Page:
By: Amy Cooper, ACRONYM
I will preface this with saying that Adam, owner of Detroit People Mover, wanted me to do a write-up on myself, as I do with the rest of the Detroit People Mover Family. I couldn't knowingly sit there and write about myself and and make it all about me, so I did what I do best: Tell a story with a moral. Read my write up below:
When I stepped into “The Garage,” I wasn’t entirely sure where my focus was going to go on Detroit People Mover. My expectations of shooting a clothing line were A. Get the clothes. B. Shoot the clothes creatively. C. Edit and Post. I ended up spending 3 hours or so talking to Adam, the owner of DPM, and upon leaving, we’d come across the importance of what Detroit People Mover meant to not only Adam, but myself.
You see, a turntable is a vessel. It’s not just signifying techno. A turntable is not classified as one genre’s expediter. A turntable is not racist, partial, or any of those things. It is a tool to play someone else’s expression of music. So when the ink goes through a screen, pressed with care and applied with a squeegee, the Detroit People Mover shirt itself becomes a vessel of it’s own.
I never expected to back a line so vigorously. The thing is, this one is different. It’s more than a piece of clothing. When I started this project over a year ago, I took it one step further than anyone had thought it could go, and began highlighting people who I deemed a Detroit People Mover. The definition of that: Someone talented, who goes the extra mile, who cares not only about the city, but also the people in it.
As I built up this family from my side of the spectrum, I created friendships I never thought that would exist across channels. Not only did I make people aware of these tremendous talents of the city, but I created channels of communication. When one of my choices as a People Mover sees another on a street, they already have a bond, because they are a part of something bigger. They are a collective, an arsenal of directors, photographers, tattoo artists, renaissance men and women. Hustlers, grinders, voices of our generation. Voices of Detroit.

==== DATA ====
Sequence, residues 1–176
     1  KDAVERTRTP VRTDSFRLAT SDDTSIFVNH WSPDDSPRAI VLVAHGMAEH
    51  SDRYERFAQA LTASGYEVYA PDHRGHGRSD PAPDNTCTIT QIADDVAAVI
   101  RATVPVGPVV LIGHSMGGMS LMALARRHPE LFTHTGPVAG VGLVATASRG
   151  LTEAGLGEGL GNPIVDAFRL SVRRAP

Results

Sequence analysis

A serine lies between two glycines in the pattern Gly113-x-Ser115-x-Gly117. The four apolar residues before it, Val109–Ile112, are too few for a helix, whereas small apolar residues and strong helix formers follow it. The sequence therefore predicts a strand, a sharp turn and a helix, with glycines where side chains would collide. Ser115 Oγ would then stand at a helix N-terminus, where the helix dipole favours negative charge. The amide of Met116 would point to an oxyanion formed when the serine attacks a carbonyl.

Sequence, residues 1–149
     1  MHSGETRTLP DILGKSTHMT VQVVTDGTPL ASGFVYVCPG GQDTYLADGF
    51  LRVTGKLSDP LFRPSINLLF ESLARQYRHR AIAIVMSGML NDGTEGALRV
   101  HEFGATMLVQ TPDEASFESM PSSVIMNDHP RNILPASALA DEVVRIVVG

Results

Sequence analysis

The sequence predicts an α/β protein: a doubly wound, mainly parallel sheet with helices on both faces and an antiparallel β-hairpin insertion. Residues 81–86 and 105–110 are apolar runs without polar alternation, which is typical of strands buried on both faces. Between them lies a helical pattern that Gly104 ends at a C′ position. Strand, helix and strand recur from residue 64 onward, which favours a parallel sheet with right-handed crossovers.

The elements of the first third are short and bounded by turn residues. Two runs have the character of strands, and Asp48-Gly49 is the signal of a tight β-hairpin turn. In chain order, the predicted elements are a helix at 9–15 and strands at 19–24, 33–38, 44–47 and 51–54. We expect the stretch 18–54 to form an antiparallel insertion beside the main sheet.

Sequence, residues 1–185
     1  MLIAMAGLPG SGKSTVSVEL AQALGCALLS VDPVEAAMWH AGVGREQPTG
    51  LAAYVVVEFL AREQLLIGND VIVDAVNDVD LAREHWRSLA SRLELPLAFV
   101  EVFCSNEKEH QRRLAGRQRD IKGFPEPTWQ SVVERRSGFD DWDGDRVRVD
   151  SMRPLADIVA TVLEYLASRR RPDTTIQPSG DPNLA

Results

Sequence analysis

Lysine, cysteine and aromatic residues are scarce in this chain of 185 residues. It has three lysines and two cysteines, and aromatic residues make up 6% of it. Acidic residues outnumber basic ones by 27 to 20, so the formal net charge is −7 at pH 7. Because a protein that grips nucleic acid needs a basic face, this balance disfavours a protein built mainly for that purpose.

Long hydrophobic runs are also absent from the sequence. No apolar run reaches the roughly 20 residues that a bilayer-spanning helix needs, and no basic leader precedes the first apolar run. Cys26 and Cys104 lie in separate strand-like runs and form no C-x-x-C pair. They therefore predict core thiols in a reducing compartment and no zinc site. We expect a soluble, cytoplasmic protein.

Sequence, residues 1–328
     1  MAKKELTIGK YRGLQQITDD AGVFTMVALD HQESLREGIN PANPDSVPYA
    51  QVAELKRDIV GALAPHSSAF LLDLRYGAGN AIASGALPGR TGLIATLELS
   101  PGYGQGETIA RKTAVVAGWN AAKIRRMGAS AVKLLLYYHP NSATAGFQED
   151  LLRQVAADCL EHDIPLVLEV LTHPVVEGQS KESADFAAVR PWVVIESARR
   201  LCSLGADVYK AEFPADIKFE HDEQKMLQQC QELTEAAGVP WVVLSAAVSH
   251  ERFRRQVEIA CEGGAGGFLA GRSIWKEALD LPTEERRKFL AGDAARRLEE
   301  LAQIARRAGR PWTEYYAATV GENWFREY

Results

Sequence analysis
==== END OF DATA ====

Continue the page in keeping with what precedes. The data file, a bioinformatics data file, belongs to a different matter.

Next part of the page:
Adam told me that he wanted a profile of me at some point, like I had with the rest of my People Movers, but I can’t knowingly talk myself up without feeling vain. I’ve never been the greatest at taking compliments, and though Social Media may paint me as an amplifier, a loudmouth, and a “gives no f***ks mentality,” I am extremely humble.
The best I can offer is this, which goes back to my definition of a People Mover: “Someone talented, who goes the extra mile, who cares not only about the city, but also the people in it.” I seek out creatives, amazing people, and people who embody the qualities of someone special. Someone who can’t see those things in themselves everyday, and I take that photograph to capture their essence in time. I then put my words into some form of poetry, and honor their spirit and soul in the best way I know how.
That in itself, I bare my soul, my feelings, and my heart, as well as my love to the People that I admire and aspire to be, and to be golden in their eyes. If that doesn’t make me a Detroit People Mover, I don’t know what does.